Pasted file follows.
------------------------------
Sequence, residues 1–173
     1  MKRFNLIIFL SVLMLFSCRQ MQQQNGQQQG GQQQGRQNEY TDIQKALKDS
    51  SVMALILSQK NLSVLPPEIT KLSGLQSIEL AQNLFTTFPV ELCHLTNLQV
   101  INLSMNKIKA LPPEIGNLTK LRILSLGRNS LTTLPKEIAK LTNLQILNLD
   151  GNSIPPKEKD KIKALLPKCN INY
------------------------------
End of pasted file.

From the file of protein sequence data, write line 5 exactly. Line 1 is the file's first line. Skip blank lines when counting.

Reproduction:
   151  GNSIPPKEKD KIKALLPKCN INY